The huge gap in unit labor costs gave Germany a tremendous competitive advantage and left the southern eurozone economies at tremendous competitive disadvantage. As a result, their trade flows changed dramatically. The four southern Eurozone economies and Germany all had modest current account deficits (the broadest measure of a trade deficit) in 2000. A decade later Germany enjoyed a current account surplus of 5% of its GDP, while the southern eurozone economies were saddled with a current account deficit of 5% of their GDP. And Greece’s current account deficit has ballooned to 10.5% of GDP. Usually countries at such a severe trade disadvantage would devalue their currency. Devaluing a currency lowers the exchange rate, or cost, of the currency to foreign buyers, thus lowering the cost of exports priced in the currency. But because Greece and the other southern eurozone countries share a currency with Germany, that option was not available to them. Germany has thus maintained its competitive advantage at the expense of its neighbors’ trade and economic growth. While Germany is a developed, high-wage country, this is the same combination of wage repression and keeping its currency undervalued with respect to its costs that has boosted Chinese trade and output at the expense of its trading partners.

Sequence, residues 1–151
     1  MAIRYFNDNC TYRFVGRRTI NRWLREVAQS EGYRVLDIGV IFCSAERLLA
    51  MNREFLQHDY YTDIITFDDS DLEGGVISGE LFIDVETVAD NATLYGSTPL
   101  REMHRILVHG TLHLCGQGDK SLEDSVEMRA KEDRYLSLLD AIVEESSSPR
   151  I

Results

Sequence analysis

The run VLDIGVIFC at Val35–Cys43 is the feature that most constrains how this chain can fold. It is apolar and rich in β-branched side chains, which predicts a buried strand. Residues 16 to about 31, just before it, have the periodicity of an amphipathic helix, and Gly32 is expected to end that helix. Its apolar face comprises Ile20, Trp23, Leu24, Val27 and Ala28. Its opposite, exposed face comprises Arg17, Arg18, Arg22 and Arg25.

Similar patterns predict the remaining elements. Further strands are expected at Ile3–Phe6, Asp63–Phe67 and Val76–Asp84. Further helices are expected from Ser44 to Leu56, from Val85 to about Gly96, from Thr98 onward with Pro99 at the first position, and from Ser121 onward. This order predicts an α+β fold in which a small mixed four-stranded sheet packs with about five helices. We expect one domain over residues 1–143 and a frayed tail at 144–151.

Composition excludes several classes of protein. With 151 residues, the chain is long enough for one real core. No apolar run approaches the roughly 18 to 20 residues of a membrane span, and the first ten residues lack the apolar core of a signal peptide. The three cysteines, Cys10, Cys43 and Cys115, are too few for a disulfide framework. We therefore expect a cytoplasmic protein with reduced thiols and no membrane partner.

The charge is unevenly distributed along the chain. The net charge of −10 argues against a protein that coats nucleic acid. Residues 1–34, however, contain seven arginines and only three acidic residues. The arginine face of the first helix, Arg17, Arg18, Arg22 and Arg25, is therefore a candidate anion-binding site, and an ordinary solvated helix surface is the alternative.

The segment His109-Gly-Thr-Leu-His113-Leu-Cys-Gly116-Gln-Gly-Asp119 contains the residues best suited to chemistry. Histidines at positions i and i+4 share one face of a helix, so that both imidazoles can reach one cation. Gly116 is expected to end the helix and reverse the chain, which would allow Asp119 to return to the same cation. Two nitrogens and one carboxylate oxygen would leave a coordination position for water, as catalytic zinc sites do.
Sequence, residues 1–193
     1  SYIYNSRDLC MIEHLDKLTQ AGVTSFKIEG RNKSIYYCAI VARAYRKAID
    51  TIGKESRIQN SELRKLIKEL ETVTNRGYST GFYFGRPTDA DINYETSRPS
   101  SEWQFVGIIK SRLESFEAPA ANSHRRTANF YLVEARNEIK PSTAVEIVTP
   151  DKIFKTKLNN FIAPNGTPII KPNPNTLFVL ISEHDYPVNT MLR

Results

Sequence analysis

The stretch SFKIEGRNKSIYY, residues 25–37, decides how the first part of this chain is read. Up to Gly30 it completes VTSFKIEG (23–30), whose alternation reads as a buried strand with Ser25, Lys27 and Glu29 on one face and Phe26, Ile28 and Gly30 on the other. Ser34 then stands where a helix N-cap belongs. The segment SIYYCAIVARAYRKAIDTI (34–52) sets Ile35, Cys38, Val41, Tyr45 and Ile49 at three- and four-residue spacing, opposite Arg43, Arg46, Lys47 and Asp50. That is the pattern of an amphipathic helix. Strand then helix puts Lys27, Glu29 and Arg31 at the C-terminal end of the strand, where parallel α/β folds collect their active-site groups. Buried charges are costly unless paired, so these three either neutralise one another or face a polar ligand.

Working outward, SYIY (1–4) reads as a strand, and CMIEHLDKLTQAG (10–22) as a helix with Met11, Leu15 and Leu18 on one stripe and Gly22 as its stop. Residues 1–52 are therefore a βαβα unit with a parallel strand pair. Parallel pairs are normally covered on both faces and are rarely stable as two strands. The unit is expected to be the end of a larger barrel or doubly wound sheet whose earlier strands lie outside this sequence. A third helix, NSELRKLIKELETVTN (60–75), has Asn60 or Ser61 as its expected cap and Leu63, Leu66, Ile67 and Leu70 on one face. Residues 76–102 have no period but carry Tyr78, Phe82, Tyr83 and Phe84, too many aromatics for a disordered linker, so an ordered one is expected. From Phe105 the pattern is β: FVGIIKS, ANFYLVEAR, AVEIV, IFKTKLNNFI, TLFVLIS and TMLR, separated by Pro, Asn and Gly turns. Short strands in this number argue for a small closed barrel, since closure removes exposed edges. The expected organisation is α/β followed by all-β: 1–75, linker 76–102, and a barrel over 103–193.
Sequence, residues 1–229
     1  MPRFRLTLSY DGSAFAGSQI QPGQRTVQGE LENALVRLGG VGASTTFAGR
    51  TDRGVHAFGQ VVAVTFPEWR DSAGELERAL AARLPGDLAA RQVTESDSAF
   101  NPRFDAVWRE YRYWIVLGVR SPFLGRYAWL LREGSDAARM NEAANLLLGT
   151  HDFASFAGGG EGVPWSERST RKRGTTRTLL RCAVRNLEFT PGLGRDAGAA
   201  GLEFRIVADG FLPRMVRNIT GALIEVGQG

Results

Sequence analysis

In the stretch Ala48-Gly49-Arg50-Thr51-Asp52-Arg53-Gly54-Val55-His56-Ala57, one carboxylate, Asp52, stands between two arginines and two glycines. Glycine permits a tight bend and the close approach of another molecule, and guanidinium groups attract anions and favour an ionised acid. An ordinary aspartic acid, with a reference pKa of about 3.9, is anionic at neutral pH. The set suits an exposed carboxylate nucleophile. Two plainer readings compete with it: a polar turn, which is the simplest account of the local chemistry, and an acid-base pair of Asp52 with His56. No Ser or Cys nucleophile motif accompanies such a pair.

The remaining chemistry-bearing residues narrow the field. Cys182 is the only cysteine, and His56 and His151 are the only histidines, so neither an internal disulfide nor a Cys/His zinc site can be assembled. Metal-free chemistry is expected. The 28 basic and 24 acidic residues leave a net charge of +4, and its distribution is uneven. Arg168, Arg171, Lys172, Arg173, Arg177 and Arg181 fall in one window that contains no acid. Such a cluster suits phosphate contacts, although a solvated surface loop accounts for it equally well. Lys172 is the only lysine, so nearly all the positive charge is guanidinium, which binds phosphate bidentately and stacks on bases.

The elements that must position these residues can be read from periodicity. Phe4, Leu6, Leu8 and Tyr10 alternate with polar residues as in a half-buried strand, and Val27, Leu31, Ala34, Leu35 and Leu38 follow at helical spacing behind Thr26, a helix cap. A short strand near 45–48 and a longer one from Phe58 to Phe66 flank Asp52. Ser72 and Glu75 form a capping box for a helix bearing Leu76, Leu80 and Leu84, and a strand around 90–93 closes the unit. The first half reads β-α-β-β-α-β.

In this way, wage repression is an essential component of the euro crisis. Germany’s net export success comes at the expense of the export failure of the southern eurozone countries.
How might these trade imbalances be resolved? Further austerity measures are not the answer. While cutting wages in the southern eurozone economies might reduce their cost differential with Germany, wage cuts would threaten the collapse of these economies and deflation across the eurozone.
The only answer is for Germany to reverse its wage repression. Productivity gains must be shared with German workers. Higher wages would boost domestic demand in Germany and accelerate the growth of the German economy. Likewise, putting an end to the austerity measures imposed on Greece and the other struggling eurozone economies would boost their demand as well and stabilize the system, which so far has benefited Germany and the profit-making class at the expense of most of the population. Otherwise crises and stagnation will persist.
Greece and the United States: Do You Know the Difference?
Is a Greek crisis coming to the United States? That’s far from what the data actually suggest. The similarities between the U.S. and Greek fiscal positions are nowhere near as great as these alarmist comparisons allege. In addition, their economic positions as well as their tools for supporting government spending and responding to an economic crisis of the two countries are also starkly different. Take a look at the “Greece and United States Comparison Sheet.”